You know, whenever I tell someone I play hockey, their response is always one of a choice of three:
1.) “Hockey? That’s a girl’s game, isn’t it?
2.) “Why? Weren’t you good enough at football or rugby?”
3.) “I used to hate hockey at school. Always cold, on the grass, people hitting your shins. I hated it.”
For some reason, during my younger days, these responses used to wind me up. I’m not sure why, call it the petulance of youth. As I’ve got older, I actually find myself laughing at these and thinking how much these people have missed out.
Hockey, whatever the level you play it at, is brilliant. From the thrill of competition on the field, to the friends, nights out and memories off it, there are few things like it.
For most people, their lives consist of work, TV, their family and the occasional night out. Hockey people have work, TV, their family, a massive extended (hockey) family, training sessions and more nights out than you care to remember.
It doesn’t sound like much, but I can assure you, the differences in those two lists make for a more interesting life than people realise.
Sport isn’t for everyone, but I defy anyone to come up with a better feeling than the one you feel at the end of a hard-fought victory on the hockey field. You might have won 1-0 in a 4th team game at your cross-town rivals. You might have come from behind in a 1st XI game to win 3-2 with a goal in the last-minute. You might have just scored the winner in the Olympic Final. Whilst the importance of each of those varies in the grand scheme of things, each of them has the potential to make the protagonists feel invincible, if only for a few hours, before bruises, aches and pains set in. There really is nothing like it.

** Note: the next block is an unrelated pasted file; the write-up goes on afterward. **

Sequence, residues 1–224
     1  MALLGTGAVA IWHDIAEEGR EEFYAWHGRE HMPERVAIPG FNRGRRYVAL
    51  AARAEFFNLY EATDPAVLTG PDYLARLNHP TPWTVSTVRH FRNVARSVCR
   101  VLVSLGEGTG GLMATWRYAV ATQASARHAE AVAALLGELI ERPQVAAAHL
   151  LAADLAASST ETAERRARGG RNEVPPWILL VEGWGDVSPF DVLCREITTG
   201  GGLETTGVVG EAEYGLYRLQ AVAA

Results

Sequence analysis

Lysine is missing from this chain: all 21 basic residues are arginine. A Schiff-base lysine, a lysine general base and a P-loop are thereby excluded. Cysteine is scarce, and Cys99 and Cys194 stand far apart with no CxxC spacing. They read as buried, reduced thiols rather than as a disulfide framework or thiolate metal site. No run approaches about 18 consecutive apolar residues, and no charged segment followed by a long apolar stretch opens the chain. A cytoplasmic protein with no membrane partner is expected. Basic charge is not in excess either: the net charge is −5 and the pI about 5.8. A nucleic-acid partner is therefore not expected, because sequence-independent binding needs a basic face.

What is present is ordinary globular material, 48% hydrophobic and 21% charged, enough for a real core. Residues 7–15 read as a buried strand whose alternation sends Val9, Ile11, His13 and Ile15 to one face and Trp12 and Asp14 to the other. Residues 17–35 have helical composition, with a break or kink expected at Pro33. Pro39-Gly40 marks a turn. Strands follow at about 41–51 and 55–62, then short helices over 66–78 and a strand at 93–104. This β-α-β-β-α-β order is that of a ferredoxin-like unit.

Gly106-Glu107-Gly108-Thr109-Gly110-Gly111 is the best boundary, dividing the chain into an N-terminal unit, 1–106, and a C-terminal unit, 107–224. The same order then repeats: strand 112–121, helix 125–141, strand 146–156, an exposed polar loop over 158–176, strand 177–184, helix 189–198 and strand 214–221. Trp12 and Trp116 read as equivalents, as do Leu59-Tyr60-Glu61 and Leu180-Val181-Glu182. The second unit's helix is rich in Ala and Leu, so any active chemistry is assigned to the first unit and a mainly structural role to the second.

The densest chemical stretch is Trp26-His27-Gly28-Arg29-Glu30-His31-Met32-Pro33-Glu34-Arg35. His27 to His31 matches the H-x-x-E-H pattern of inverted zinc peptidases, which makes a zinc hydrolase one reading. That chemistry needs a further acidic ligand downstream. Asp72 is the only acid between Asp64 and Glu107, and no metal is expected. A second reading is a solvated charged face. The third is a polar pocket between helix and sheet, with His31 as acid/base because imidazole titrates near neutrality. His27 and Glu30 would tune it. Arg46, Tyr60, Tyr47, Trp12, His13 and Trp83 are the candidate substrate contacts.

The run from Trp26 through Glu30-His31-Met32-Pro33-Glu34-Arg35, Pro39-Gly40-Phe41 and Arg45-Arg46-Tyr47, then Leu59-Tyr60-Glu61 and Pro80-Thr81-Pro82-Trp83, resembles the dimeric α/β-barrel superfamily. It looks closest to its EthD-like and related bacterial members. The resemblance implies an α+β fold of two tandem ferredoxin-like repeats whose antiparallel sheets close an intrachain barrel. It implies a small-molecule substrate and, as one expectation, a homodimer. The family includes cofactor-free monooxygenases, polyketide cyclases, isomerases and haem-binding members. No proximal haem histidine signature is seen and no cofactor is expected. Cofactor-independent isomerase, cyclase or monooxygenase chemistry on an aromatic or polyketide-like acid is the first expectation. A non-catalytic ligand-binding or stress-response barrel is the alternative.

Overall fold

It provides a welcome distraction from the grind of every day life too. We’ve all had those days; nothing goes right at work, you have things going on at home, your mind is going a mile minute. Fortunately, you get to go to training where you and a group of your friends get to have a laugh. You have the chance to run around and push yourself and forget all the frustrations of the rest of your life. What could be better?
Similarly, I take a strange sense of pride when I consider how hockey measures up against other sports. Although an element of chat between players and officials goes on, the use of 3 cards, plus the self-pass rule means that on the whole, discipline is impeccable when compared with football. As well as ensuring players don’t have time to argue, the self-pass rule makes the game faster and more exciting than it has ever been. I love that.
The skill levels involved in the game are also remarkable. Whilst not without its physical elements, hockey is a non-contact sport. This means that whilst physical prowess can undoubtedly be an advantage, there is also a huge emphasis on technique and skill rather than brute force. For me, this makes the game all the more appealing.